Answered # how to write a linear search?

Gribouillis 1,313 ultimatebuster 14 Featured Reply Gribouillis 1,313 ultimatebuster 14 vegaseat 1,720 Featured Reply -ordi- 6 Featured Reply pyTony 888 Write a C program that should create a 10 element array of random integers (0 to 9). The program should total all of the numbers in the odd positions of the array and compare them with the total of the numbers in the even positions of the array and indicate ...

0

The list class 'index' method performs a linear search

```
>>> mylist = list("hello world")
>>> print(mylist)
['h', 'e', 'l', 'l', 'o', ' ', 'w', 'o', 'r', 'l', 'd']
>>> mylist.index('w')
6
>>> mylist[6]
'w'
>>> mylist.index('z')
Traceback (most recent call last):
File "<stdin>", line 1, in <module>
ValueError: list.index(x): x not in list
```

This also works for str objects (strings)

```
>>> mystr = "hello world"
>>> mystr.index('w')
6
>>> mystr.index('z')
Traceback (most recent call last):
File "<stdin>", line 1, in <module>
ValueError: substring not found
```

*Edited 6 Years Ago by Gribouillis*: n/a

0

First of all, why linear search? That's like the worst algorithm to use ever.

But if you don't want to use the Python internal algorithm, a for loop can do it:

```
def findValue(v, li):
for i in len(li):
if v == len[i]:
return i
return -1
```

But that's such a bad algorithm. Internally, you have this -> `value in li`

Also, you can code your own "smart" algorithm, like i did here:

```
def average(number1, number2):
return sum([number1, number2])/2
def bisectFind(li, item):
midpoint = (len(li)-1)/2
minIndex = 0
maxIndex = len(li)-1
while True:
if maxIndex - minIndex < 11:
for i in range(minIndex,maxIndex+1):
if li[i] == item:
return i
return None
if item < li[midpoint]:
maxIndex = midpoint
midpoint = average(minIndex, maxIndex)
continue
elif item > li[midpoint]:
minIndex = midpoint
midpoint = average(minIndex, maxIndex)
continue
elif item == li[midpoint]:
return midpoint
```

1

First of all, why linear search? That's like the worst algorithm to use ever.

But if you don't want to use the Python internal algorithm, a for loop can do it:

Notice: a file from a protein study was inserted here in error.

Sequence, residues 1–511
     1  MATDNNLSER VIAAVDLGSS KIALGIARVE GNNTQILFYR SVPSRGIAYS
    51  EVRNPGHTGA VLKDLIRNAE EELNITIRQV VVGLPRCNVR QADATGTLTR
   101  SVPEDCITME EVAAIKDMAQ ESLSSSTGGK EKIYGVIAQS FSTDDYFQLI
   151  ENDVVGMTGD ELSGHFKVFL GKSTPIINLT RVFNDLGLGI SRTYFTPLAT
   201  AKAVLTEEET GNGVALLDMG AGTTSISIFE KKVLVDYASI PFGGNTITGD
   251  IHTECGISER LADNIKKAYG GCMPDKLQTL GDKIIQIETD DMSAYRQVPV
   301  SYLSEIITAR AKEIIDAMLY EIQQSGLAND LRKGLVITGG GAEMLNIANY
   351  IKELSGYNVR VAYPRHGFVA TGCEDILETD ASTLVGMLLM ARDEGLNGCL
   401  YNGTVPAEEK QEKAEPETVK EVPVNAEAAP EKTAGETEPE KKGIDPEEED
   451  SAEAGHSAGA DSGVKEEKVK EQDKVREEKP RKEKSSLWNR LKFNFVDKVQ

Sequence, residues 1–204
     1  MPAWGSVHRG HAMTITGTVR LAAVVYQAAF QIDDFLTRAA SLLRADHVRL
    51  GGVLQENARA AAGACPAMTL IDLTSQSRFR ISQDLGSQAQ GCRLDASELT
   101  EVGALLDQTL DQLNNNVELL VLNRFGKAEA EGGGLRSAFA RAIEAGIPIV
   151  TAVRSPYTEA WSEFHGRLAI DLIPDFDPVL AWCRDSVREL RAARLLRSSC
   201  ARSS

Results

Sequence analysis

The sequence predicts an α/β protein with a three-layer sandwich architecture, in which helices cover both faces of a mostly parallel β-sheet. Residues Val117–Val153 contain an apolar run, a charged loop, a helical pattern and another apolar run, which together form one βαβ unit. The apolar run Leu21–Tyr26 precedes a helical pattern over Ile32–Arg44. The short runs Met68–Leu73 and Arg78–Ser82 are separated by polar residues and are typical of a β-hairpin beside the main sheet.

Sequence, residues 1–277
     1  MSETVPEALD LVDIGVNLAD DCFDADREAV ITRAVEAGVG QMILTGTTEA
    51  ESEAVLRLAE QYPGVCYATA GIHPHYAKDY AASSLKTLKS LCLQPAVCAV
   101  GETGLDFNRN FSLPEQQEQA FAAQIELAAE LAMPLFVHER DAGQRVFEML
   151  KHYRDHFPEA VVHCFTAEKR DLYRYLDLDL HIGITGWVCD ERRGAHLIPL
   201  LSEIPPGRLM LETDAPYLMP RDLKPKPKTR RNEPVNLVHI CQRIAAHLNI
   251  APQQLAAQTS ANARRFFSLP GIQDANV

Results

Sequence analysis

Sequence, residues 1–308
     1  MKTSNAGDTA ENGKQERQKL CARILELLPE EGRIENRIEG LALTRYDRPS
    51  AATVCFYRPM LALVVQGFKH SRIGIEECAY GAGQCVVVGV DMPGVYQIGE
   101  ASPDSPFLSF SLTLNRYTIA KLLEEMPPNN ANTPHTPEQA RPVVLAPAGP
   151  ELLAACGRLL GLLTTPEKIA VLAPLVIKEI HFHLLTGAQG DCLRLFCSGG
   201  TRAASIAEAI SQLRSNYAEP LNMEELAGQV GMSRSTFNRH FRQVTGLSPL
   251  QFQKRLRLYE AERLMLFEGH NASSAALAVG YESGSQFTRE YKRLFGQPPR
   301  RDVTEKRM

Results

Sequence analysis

`def findValue(v, li): for i in len(li): if v == len[i]: return i return -1`

But that's such a bad algorithm. Internally, you have this ->

`value in li`

Also, you can code your own "smart" algorithm, like i did here:`def average(number1, number2): return sum([number1, number2])/2 def bisectFind(li, item): midpoint = (len(li)-1)/2 minIndex = 0 maxIndex = len(li)-1 while True: if maxIndex - minIndex < 11: for i in range(minIndex,maxIndex+1): if li[i] == item: return i return None if item < li[midpoint]: maxIndex = midpoint midpoint = average(minIndex, maxIndex) continue elif item > li[midpoint]: minIndex = midpoint midpoint = average(minIndex, maxIndex) continue elif item == li[midpoint]: return midpoint`

Binary search works only if the list is initially sorted.

0

yeah that's true too. I actually didn't figure out how it works until a couple minutes ago. Wrote this a long time ago and didn't put a comment.

0

A linear search goes through a sequence of items one item at a time from the start of the sequence until the item is found ...

```
sequence = 'abcdefghijklmnopqrstuvwxyz'
search = 'z'
for c in sequence:
if c == search:
print("found search item")
break
```

As you can see, if you were looking for 'a' it would be very efficient, but if you were looking for 'z' it would be the least efficient. If the size of your sequence is relatively small, a linear search is okay. However, imagine a sequence of a million or more items and your search item is near the end.

*Edited 6 Years Ago by vegaseat*: least

1

```
def binary_search(a, n, required):
start = 0
end = n - 1
answer = 0
while start <= end:
middle = (end + start) / 2
if a[middle] == required:
answer = middle
break
else:
if required < a[middle]:
end = middle - 1
else:
start = middle + 1
return answer
array = (1, 2, 4, 5, 6, 7, 8, 9, 10, 11, 12, 13, 14)
print binary_search(array, len(array), 4)
```

slightly faster,

Requires array sorting!

*Edited 6 Years Ago by -ordi-*: n/a

1

I would little clean up -ordi- code:

```
def binary_search(a, required):
start = 0
end = len(a) - 1
answer = None
while start <= end:
middle = (end + start) / 2
if a[middle] == required:
answer = middle
break
elif required < a[middle]:
end = middle - 1
else:
start = middle + 1
return answer
array = (1, 2, 4, 5, 6, 7, 8, 10, 11, 12, 13, 14)
print binary_search(array, 9) ## not there
print binary_search(array, 4) ## index 2
```

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